Wednesday, 20 October 2010

Alma Paprika

Alma Paprika
It's long been my ambition to grow my own paprika peppers, since there is probably no seasoning I use as much as sweet Hungarian paprika. I tried growing 2 varieties this summer; Alma, a heritage Hungarian variety, and Conquistador, a Spanish variety. I'll give Conquistador another try as I crowded it and it acquired a virus, but it really didn't produce anything much for me this year.

Alma, on the other hand, which was also crowded and exposed to the virus, did very well indeed. The plants were compact, not reaching above 2 feet in height, and absolutely loaded with peppers. The fruits are round, and from a slight distance easily mistaken for tomatoes, although the thick stems and hexagonal stem base give them away. They have thick, juicy walls and are a sweet, mild pepper. Mind you I've seen mention by a few people that they can be unexpectedly hot. I know my fingers were stinging after the last batch I cut up.

They are a fairly early pepper, ready in 70 to 80 days from transplant. We had an early frost here, so I have pulled the plants and brought the unripe ones in to finish ripening. They do continue to ripen very well off the plant. A few have developed bad spots, but it also seems to take some time for the bad spots to affect the entire pepper. I just have to keep an eye on them.

The virus, by the way, was probably mild mottle virus. It came into the garden on one of a few pepper plants we bought on sale from a garden centre to fill in a some bare spots once our seedlings were planted. It was quite interesting, in a nasty sort of way, to watch it spread out from the original infected plant like a ripple in a pond when a stone is thrown in. The Alma peppers were further away from patient #1 than the Conquistador, but they were somewhat affected. I think they had fairly good resistance though; there was only a little leaf-twisting and very few of the peppers developed the brown scabby netting that appeared on other peppers nearby. And I doubt pepper formation was affected as the plant was absolutely smothered in peppers.

Like most peppers, Alma likes hot weather and a steady, moderate amount of water, and needs decent soil fertility. We planted them out June 1st to make sure the soil was good and warm. I would describe them as a somewhat determinate pepper: we pulled all the peppers off in the course of 3 weeks to a month. They are quite tolerant of cool nights - they were one of the last pepper plants to succumb to the cold for us. I understand they can be susceptible to early blight though.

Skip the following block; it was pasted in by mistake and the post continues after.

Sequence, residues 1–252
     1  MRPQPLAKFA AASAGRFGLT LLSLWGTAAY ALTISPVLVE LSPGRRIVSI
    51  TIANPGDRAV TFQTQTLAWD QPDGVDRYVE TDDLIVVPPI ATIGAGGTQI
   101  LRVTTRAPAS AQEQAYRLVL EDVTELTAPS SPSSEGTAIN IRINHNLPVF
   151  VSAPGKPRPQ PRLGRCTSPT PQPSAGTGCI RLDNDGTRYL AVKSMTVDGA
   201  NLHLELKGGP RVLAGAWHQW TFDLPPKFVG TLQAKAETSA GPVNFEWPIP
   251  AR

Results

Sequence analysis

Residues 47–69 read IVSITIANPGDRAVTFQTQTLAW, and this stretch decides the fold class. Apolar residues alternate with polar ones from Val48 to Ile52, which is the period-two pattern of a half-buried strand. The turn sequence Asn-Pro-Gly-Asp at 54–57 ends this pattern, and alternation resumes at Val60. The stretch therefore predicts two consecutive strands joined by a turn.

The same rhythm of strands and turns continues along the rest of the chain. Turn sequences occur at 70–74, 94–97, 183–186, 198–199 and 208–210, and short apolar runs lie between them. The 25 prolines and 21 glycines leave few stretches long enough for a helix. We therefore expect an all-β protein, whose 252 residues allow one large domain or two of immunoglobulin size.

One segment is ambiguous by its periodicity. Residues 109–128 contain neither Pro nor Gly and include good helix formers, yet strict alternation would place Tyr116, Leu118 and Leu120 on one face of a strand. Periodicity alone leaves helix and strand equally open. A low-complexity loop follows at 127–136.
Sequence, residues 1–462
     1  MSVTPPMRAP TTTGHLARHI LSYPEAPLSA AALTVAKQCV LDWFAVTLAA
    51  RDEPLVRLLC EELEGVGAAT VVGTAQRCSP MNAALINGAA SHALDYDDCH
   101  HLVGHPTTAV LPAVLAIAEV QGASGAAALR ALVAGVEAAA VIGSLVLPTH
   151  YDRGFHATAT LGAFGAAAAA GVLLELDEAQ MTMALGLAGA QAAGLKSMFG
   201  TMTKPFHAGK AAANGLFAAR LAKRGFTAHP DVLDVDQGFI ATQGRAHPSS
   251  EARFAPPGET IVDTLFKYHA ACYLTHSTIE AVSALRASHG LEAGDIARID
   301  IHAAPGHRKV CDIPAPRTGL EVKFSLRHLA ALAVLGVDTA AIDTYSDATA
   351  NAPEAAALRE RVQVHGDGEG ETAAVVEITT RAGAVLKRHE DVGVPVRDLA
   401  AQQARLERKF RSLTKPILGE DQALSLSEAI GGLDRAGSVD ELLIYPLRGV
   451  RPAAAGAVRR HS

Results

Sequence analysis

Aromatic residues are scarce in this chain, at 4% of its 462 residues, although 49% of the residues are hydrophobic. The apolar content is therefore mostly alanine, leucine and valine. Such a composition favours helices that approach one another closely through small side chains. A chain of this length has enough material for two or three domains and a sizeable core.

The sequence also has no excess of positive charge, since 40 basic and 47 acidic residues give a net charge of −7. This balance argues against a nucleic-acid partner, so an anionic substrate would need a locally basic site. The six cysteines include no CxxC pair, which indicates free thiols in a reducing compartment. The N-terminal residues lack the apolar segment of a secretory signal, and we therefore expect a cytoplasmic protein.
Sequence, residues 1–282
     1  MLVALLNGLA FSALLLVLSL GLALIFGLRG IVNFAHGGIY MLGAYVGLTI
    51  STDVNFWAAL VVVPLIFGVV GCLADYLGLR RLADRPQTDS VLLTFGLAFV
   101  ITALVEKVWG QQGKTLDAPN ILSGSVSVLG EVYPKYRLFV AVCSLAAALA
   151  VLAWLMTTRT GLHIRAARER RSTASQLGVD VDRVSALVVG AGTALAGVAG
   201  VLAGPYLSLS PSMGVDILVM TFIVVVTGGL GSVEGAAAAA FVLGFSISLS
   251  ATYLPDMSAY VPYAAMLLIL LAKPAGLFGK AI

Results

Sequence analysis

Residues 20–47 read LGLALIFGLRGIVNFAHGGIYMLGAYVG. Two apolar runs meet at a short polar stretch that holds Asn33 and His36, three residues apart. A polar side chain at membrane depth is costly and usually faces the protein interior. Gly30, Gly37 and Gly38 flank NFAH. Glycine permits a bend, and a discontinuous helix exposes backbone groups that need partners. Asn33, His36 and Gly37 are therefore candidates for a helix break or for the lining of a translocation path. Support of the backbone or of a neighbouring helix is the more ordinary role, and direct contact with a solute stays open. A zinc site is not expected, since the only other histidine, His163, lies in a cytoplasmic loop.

I have dried most of my peppers but they are excellent for fresh eating and cooking, and it's also traditional to pickle them. They would make a very good stuffed pepper. In spite of the large numbers produced by each plant I am left feeling like I don't have nearly enough, and I'm going to plant quite a few more next year.

6 comments:

Melynda said...

Lovely shot of your peppers in the pottery bowl.

Ferdzy said...

Thanks Melynda - I admit to thinking as much about the bowl as the peppers when I composed the shot.

Joanne said...

It's so odd to think that peppers can get viruses. Something that I never really thought of before...

Ferdzy said...

Joanne, it's even odder than that - apparently people can also harbour the virus! Although until my leaves start twisting up I guess I won't worry about it...

Tillsonburgarian said...

Did you grow Alma from seeds or did you buy seedlings? Also, how do you dry your peppers?

Ferdzy said...

Tillsonburgarian, I grew it from seed which I bought from Solana. We started them in mid March and planted out late May.

We have a fancy-pants food dryer, that I love love love; I wrote about it here: http://seasonalontariofood.blogspot.com/2009/12/our-new-toy.html

Basically, I cut them up, discarding the stems and seeds, and dry them at at about 130°F. They are too thick walled to air dry, I think, unless you are able to string up the pieces and get them out in the sun for a few really, really hot days. (Not going to happen now...)